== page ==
Volunteer firefighters provide safety net for rural areas

Texico Volunteer Fire Department Chief Lewis Cooper said his members perform their roles as volunteers for personal enjoyment and for their community. (Staff photo: Eric Kluth)

Tonya Garner: CNJ staff writer

The 9-1-1 report said the caller was “bleeding profusely.”
Texico Volunteer Fire Department Chief Lewis Cooper said he and fellow firefighters rushed to the scene expecting the worst.

“We got there and found a woman who had a bloody finger,” he said, laughing, “she had hit it on something and her cuticle was bleeding.”

Cooper said the firefighters administered first aid and advised her to see her doctor to prevent infection.

Such is the life of the rural volunteer firefighter, who is often the only emergency help available within 20 or 30 miles.

Clovis, Cannon and Portales have paid firefighters — but other surrounding regions depend on volunteers to respond to fires and health emergencies.

Melrose Volunteer Fire Department Chief Kenny Jacobs worked for the Portales Fire Department and now works for the railroad.

“They (volunteers) all have day jobs. Most employers understand and let them leave,” when paged, he said.

Volunteer firefighters donate their efforts for personal enjoyment and to give back to their community, Cooper said.

Volunteer Fire Chief of Floyd Leland Terry said most of the department’s 16 volunteers work in the farm industry; and “many have family members who’ve been in the fire department,” he said.

Terry said his community had only one structure fire this year.

“No one was home, it was a total loss,” Terry said.

Fields Volunteer Fire Chief Cody Moberly said structure fires are rare.

“We see a house fire about once every 10 years — but we could see as many as five a night when there is lightning,” Fields said.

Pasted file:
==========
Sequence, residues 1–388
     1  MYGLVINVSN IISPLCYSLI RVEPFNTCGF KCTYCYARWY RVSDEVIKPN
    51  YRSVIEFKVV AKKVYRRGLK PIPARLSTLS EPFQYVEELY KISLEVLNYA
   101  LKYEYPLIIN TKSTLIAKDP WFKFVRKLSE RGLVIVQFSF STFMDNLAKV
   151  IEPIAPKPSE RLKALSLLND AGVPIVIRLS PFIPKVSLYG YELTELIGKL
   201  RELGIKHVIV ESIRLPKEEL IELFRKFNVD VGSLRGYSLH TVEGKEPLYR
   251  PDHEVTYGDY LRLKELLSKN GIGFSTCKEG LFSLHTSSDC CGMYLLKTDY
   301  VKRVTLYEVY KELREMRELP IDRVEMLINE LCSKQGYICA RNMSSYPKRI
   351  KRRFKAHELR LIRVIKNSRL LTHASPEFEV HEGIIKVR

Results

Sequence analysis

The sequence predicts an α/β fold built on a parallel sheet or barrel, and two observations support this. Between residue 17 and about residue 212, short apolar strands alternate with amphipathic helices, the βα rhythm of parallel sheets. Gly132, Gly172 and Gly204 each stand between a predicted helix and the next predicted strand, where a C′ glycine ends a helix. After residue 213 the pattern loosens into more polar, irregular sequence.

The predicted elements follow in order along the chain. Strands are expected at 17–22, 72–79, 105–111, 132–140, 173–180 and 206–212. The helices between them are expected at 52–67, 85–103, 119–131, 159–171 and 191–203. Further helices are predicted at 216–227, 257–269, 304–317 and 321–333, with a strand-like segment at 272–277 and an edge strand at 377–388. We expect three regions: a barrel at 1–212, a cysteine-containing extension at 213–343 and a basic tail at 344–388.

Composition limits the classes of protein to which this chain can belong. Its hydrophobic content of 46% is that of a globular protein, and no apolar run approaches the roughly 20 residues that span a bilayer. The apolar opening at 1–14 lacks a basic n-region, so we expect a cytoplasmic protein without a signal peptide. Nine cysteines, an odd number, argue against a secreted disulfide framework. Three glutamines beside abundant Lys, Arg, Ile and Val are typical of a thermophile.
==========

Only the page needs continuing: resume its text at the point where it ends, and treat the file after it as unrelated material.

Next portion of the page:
Cooper said the worst fire he remembered was when a grain elevator was consumed by flames. “That was one long, hard day,” he said.

In addition to fires, accidents and emergencies, rural fire departments field public services calls, which can mean just giving a neighbor a helping hand, such as an elderly person who has fallen.

“We just help them up and check them over,” Cooper said.
Volunteers do more than respond to scenes and assist people, Terry said.

The Floyd volunteer firefighters get involved in local cookouts, school functions and host annual Christmas parties, Terry said.

“We also put our trucks in the Border Town Parade,” Cooper said. “We enjoy showing off our equipment because we are proud of it.”

Terry said volunteers spend a lot of time training as well as working in the field.

“Volunteers show up to meetings and training sessions. They get tested and retested. It’s hard to keep up with all the requirements,” Terry said.

Curry and Roosevelt County volunteer fire departments rely on government funding and donations, according to volunteer fire chiefs.

Clovis Fire Department Chief Ray Westerman said he meets quarterly with all six chiefs of Curry County volunteer fire departments. He said they have a mutual aid agreement to share personnel and equipment, as needed.

Curry County Volunteer fire departments call for the aid of Clovis EMT’s and fireman about two times a week, Westerman said.

“My hat is off to the volunteer firefighter,” Westerman said.

CNJ staff writer Andy Jackson contributed to this report.